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Edible Brooklyn: The Cookbook Hardcover – Oct 4 2011

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"A delightful read that shows how being a parent changed one economist, and how being an economist provided insight on being a parent. Now if only I could get my two-year-old to eat her peas." Susan Athey, Harvard University, winner of 2007 John Bates Clark Medal

"Dr. Spock meets Freakonomics. Parenting will never be the same. Forget about inflation and unemployment. Here Gans uses economics and game theory to tackle really important topics, such as toilet training and fussy eaters. Parentonomics lays bare what most sleep-deprived parents only dream about. Gans may not help you become a better parent, but he will help you to stay one step ahead of your kids." Barry Nalebuff , Milton Steinbach Professor at Yale School of Management, coauthor of Co-Opetition

--This text refers to an out of print or unavailable edition of this title.

About the Author

Edible Communities, Inc. is a publishing and information services company that creates editorially rich, community-based, local-foods publications in distinct culinary regions throughout the United States, Canada, and Europe. Through their publications, supporting websites, and events, they connect consumers with family farmers, growers, chefs, and food artisans of all kinds.

Rachel Wharton has lived in Brooklyn for 11 years and is the deputy editor of both Edible Brooklyn and Edible Manhattan. She holds a master's degree in Food Studies from New York University, and she won a 2010 James Beard Foundation journalism award for her columns on iconic restaurants in Edible Brooklyn, while her profile of Russ & Daughters in Edible Manhattan was included in the book 2010 Best Food Writing.

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Most Helpful Customer Reviews on (beta) 9 reviews
58 of 61 people found the following review helpful
Pretty obnoxious for a cookbook. Oct. 2 2011
By Y. Barysheva - Published on
Format: Hardcover
This book has a few to a lot of good recipes, depending on whether you generally cook with foie gras and truffle oil or not. (I just noticed on the inside cover, the recipes are described as "unpretentious." Since when is foie gras-stuffed quail unpretentious?)
However, the tone of this book is extremely obnoxious. I've lived in Brooklyn since I was 5 (before which I immigrated from Ukraine, so I am completely legit, I promise - a real immigrant Brooklyner), and it irks me that this book spends so much time talking about how diverse the population (and thus, the food) is, while their map of Brooklyn (hidden cleverly inside the jacket) is only of the north-west neighborhoods - Red Hook, Fort Greene, etc.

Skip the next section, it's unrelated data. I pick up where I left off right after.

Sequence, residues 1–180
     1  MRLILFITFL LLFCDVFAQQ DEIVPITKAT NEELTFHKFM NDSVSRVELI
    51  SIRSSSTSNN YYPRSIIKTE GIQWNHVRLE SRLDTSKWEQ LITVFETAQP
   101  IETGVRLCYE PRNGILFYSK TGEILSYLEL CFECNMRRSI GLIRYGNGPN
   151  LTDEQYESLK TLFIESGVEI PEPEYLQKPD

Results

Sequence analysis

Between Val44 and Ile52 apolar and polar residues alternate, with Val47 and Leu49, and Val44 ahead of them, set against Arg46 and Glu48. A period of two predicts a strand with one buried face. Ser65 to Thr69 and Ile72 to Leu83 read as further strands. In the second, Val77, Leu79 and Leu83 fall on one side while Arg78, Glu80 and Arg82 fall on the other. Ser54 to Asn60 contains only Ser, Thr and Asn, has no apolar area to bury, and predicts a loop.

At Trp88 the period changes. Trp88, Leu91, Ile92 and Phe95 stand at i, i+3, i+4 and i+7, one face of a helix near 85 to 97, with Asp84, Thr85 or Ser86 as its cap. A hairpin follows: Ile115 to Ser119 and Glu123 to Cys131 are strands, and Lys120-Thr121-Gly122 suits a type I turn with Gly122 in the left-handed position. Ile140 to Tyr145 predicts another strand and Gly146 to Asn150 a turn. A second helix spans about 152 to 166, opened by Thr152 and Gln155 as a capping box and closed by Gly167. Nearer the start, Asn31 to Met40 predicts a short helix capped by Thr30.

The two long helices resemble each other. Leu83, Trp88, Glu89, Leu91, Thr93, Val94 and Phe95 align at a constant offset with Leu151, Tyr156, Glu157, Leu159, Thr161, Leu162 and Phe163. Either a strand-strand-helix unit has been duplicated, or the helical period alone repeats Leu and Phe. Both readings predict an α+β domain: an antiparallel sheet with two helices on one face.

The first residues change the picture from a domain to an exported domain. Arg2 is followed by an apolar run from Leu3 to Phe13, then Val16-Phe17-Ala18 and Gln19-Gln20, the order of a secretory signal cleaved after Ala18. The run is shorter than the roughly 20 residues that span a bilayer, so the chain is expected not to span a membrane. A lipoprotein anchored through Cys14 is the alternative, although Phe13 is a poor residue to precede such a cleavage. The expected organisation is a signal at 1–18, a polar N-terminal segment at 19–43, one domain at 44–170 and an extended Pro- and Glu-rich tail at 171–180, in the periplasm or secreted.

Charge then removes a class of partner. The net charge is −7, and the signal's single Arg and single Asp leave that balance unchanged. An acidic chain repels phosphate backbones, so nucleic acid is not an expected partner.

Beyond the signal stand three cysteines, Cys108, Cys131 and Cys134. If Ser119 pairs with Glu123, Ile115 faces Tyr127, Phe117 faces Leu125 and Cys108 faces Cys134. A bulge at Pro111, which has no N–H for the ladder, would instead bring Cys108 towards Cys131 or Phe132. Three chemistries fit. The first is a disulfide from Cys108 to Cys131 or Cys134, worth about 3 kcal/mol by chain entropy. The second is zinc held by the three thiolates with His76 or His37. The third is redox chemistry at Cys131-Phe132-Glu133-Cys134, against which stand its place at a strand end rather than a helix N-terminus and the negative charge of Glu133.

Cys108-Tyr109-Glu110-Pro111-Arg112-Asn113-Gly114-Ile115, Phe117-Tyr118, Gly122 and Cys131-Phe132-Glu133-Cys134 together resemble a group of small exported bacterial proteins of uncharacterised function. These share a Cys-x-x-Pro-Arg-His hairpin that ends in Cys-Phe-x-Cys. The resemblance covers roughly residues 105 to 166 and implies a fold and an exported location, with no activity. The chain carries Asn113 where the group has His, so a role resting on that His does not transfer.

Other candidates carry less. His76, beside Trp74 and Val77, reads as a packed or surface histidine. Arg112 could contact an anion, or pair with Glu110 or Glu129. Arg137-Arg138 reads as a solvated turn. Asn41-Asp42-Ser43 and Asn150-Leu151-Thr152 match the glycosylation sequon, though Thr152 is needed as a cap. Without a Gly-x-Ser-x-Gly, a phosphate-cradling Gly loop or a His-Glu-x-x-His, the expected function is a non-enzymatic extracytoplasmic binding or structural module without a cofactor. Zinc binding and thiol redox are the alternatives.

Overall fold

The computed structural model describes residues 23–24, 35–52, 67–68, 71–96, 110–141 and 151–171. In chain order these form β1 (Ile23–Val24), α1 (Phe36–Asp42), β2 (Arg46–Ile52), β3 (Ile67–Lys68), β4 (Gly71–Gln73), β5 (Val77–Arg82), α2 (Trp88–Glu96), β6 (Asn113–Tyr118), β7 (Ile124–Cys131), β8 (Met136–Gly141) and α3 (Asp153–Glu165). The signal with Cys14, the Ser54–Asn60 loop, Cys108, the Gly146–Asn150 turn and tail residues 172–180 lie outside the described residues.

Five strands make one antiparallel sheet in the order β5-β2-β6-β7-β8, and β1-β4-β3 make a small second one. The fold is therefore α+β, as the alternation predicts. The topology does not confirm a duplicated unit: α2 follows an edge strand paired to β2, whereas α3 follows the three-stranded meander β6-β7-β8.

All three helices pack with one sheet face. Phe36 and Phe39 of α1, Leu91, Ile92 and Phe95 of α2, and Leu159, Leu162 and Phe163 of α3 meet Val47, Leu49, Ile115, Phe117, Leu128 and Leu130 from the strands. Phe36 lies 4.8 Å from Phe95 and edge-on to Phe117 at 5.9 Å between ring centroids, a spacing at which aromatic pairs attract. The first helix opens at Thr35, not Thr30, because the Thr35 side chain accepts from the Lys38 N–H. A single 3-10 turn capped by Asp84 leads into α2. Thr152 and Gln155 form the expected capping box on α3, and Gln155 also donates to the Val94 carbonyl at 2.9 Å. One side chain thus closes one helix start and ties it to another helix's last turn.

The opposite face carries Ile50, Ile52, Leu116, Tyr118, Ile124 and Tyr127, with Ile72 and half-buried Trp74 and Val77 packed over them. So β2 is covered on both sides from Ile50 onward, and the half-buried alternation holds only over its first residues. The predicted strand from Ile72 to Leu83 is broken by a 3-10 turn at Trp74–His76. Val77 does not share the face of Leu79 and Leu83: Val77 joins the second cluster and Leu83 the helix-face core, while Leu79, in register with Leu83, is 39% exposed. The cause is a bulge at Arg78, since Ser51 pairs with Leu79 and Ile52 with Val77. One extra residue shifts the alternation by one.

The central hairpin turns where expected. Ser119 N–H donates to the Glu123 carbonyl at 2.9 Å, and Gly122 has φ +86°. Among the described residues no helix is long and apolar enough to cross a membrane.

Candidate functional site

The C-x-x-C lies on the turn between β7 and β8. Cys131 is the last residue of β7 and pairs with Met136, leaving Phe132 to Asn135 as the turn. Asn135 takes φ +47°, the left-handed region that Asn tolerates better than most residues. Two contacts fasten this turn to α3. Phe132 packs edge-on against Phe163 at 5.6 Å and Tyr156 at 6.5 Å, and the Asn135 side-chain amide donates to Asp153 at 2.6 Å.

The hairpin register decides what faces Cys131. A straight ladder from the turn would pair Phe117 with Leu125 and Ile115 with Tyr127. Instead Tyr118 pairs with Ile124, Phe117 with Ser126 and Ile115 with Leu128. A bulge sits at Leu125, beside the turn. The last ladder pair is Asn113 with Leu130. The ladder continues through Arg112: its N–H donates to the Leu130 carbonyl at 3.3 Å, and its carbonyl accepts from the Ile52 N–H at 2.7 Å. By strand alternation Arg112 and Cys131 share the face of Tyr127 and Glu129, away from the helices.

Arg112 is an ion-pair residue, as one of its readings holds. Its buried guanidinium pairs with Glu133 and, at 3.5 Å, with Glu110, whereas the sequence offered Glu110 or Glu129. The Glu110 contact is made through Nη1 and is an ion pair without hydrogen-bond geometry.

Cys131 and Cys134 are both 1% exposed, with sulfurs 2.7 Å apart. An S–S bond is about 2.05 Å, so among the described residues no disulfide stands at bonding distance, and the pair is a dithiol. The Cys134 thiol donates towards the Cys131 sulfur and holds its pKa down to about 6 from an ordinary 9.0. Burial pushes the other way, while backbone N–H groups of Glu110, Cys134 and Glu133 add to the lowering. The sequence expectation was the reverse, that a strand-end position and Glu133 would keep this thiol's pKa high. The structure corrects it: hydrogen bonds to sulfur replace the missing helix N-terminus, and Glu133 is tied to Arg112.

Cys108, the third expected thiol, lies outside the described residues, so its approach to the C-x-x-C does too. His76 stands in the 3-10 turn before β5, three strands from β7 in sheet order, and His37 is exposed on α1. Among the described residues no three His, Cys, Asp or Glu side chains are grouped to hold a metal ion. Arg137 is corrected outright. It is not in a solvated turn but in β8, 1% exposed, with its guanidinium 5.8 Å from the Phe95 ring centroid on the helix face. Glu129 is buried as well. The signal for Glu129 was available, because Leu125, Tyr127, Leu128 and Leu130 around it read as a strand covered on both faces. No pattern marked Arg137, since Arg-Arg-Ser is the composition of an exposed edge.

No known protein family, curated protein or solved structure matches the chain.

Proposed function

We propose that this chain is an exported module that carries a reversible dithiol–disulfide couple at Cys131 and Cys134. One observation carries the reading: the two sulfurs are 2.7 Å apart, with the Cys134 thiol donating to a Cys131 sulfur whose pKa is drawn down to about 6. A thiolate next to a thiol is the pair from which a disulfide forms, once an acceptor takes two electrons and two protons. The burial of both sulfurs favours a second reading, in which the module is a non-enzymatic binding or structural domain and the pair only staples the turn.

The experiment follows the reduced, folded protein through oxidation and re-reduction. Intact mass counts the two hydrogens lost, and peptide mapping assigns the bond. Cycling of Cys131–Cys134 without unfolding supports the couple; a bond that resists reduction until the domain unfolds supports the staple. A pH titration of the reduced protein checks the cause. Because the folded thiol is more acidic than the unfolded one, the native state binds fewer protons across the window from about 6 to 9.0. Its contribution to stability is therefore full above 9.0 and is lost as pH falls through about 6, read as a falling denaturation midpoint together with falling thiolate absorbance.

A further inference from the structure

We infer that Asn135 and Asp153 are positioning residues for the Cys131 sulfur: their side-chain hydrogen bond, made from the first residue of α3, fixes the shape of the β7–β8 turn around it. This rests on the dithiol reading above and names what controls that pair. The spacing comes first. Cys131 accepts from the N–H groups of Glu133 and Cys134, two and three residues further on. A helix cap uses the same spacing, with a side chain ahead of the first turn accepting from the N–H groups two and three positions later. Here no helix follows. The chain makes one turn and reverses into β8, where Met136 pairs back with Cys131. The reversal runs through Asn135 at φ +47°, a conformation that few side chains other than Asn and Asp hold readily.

Also, the introduction begins with "We have to admit to feeling a bit smug, living and eating in Brooklyn..." and goes on to describe Brooklyn as being riddled with CSAs and roof-top farms, overflowing with local, organic food and microbreweries. Seriously? Maybe if I was living in a $3000-a-month Carroll Gardens apartment, I would have a roof-top farm. This book is the epitome of the back-patting smugness transplants to Brooklyn exude when they spend $6 a bunch on organic kale grown on someone's roof.
I'm not knocking local or organic food (I am definitely pro). However, the author of this book hasn't the slightest clue what the real Brooklyn is all about, and instead smugly encourages the very (lack of) culture destroying traditional Brooklyn. Am I bitter? Maybe. Is this even relevant to the food? I don't know. But it's very hard to get past.
Weird recipes-take a pass Nov. 8 2013
By Judy Ullrich - Published on
Format: Hardcover Verified Purchase
I have the first Edible Cookbook which I purchased in Traverse Michigan many years ago. It has great recipes and stories from around the country. This Brooklyn edition has some really odd recipes that I find hard to imagine being served in a restaurant. Save your money.
and the pictures in this book are almost as wonderful as the recipes July 8 2015
By D. Smith - Published on
Format: Hardcover Verified Purchase
I bought these as gifts for some former Brooklyn friends ..we met at a 50th reunion ..and the pictures in this book are almost as wonderful as the recipes ...
Slightly pretentious. Thought it was unique to Brooklyn, ... April 29 2015
By Julia McDaniel - Published on
Format: Hardcover Verified Purchase
Slightly pretentious.
Thought it was unique to Brooklyn, but they have a version for each big city.
Five Stars July 20 2015
By Dana - Published on
Format: Hardcover Verified Purchase
Full of great recipes--and a cool tour guide for foodies.